A staggering increase in natural disasters over the last 20 years shows the risk of the Earth becoming an “uninhabitable hell for millions of people” if climate change isn’t brought under control, a United Nations agency warned in a report issued last week.
The 7,348 major natural disasters—including earthquakes, tsunamis, and hurricanes—between 2000 and 2019 killed 1.23 million people, affected 4.2 billion, produced in US$2.97 trillion in global economic losses, and represented nearly a doubling compared to the 4,212 disasters that took place between 180 and 2009, the UN Office for Disaster Risk Reduction (UNDRR) concluded.
“The vast majority of those disasters were climate-related, with researchers reporting more flooding, storms, droughts, heat waves, hurricanes, and wildfires in the past 20 years,” CTV News reports. “The sharp increase has been attributed to rising global temperatures, which scientists say is increasing the frequency of extreme weather and disaster events.”
“It is baffling that we willingly and knowingly continue to sow the seeds of our own destruction,” said the UN special representative for disaster risk reduction, Mami Mizutori, and Debarati Guha-Sapir, director of Belgium’s Center for Research on the Epidemiology of Disasters, in the foreword to the report. “It really is all about governance if we want to deliver this planet from the scourge of poverty, further loss of species and biodiversity, the explosion of urban risk and the worst consequences of global warming.”
The study found that Asia faced 3,068 disasters over the 20-year span, far ahead of the Americas at 1,756 and Africa at 1,192, and China alone endured more than 500 of them. And while early warning systems and responses have helped protect people, “the odds continue to be stacked against” an effective response, the study warned.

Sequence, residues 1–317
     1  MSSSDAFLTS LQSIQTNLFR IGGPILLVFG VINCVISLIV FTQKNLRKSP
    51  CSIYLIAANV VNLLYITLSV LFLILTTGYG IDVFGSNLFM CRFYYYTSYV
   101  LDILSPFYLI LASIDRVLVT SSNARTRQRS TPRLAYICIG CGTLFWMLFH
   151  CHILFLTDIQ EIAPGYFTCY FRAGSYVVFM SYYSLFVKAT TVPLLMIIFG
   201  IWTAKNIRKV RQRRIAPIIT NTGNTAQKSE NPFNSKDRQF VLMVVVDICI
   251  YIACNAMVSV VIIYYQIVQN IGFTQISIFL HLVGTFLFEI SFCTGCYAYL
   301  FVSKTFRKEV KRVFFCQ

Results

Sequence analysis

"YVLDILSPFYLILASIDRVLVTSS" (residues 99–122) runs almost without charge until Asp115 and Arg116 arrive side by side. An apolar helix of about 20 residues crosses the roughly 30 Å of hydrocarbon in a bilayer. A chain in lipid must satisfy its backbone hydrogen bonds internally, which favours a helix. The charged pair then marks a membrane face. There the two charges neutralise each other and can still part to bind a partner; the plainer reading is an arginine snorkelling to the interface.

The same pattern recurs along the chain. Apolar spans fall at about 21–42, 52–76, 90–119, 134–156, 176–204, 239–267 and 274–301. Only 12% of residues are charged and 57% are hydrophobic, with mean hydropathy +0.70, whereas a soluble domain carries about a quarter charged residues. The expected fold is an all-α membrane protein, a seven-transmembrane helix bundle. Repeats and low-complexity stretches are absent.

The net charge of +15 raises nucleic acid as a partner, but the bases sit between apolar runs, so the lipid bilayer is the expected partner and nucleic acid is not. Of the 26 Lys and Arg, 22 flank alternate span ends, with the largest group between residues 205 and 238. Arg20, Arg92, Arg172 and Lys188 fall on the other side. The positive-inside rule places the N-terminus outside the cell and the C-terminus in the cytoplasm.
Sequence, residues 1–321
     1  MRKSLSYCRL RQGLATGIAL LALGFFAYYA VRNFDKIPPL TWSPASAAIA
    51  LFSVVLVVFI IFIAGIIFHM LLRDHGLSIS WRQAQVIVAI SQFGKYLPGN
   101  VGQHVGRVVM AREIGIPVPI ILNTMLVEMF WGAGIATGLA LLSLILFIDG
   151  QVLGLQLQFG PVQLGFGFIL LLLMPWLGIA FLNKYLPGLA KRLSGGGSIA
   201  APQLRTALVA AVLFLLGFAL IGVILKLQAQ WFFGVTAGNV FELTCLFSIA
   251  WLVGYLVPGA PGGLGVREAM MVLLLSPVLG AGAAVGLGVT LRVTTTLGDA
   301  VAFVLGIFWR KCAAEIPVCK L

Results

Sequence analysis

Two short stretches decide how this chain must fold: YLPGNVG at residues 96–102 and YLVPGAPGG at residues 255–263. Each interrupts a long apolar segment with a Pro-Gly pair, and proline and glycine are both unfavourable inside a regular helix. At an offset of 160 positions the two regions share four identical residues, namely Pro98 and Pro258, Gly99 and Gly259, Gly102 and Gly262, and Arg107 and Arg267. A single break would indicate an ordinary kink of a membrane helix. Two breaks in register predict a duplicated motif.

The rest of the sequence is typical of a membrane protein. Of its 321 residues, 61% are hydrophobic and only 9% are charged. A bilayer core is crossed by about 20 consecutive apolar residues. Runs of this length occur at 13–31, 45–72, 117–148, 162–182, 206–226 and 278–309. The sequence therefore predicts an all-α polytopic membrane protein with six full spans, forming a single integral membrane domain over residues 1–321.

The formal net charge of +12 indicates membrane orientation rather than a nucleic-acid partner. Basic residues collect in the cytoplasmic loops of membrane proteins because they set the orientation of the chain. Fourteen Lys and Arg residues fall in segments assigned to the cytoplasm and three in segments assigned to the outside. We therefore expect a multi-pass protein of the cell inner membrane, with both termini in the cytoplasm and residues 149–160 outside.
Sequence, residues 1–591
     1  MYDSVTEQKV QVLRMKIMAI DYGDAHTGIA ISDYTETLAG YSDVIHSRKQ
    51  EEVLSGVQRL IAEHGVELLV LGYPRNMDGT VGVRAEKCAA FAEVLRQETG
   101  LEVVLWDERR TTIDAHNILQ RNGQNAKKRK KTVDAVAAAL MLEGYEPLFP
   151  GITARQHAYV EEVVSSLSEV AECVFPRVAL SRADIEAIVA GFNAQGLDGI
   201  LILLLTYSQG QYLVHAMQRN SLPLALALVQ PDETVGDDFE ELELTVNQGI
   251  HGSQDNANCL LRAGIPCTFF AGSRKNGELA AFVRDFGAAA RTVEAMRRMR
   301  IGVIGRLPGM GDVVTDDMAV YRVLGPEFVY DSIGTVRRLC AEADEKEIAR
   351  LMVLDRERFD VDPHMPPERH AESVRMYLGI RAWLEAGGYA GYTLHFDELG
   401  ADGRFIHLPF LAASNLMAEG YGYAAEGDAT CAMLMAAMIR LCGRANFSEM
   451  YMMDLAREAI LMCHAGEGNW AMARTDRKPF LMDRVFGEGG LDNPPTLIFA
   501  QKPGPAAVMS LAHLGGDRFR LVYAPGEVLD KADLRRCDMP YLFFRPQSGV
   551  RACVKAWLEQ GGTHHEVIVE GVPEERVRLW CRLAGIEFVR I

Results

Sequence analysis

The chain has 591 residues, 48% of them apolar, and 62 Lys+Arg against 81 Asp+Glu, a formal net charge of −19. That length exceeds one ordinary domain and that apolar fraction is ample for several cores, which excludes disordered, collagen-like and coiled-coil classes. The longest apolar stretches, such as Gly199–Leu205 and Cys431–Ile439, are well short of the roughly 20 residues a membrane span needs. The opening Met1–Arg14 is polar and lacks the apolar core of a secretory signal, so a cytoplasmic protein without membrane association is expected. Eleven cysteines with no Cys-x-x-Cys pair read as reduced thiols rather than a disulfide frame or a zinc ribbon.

“In particular by industrial nations that are failing miserably on reducing greenhouse gas emissions to levels commensurate with the desired goal of keeping global warming at 1.5°C as set out in the Paris Agreement,” Mizutori and Guha-Sapir noted.
A separate report last week by the World Meteorological Organization called for a shift to impact-based forecasting—from “what the weather will be” to “what the weather will do”—that would prompt endangered households and businesses to take early action as a climate disaster approaches.
“Early warning systems constitute a prerequisite for effective disaster risk reduction and climate change adaptation,” said WMO Secretary-General Petteri Taalas. “Being prepared and able to react at the right time, in the right place, can save many lives and protect the livelihoods of communities everywhere.”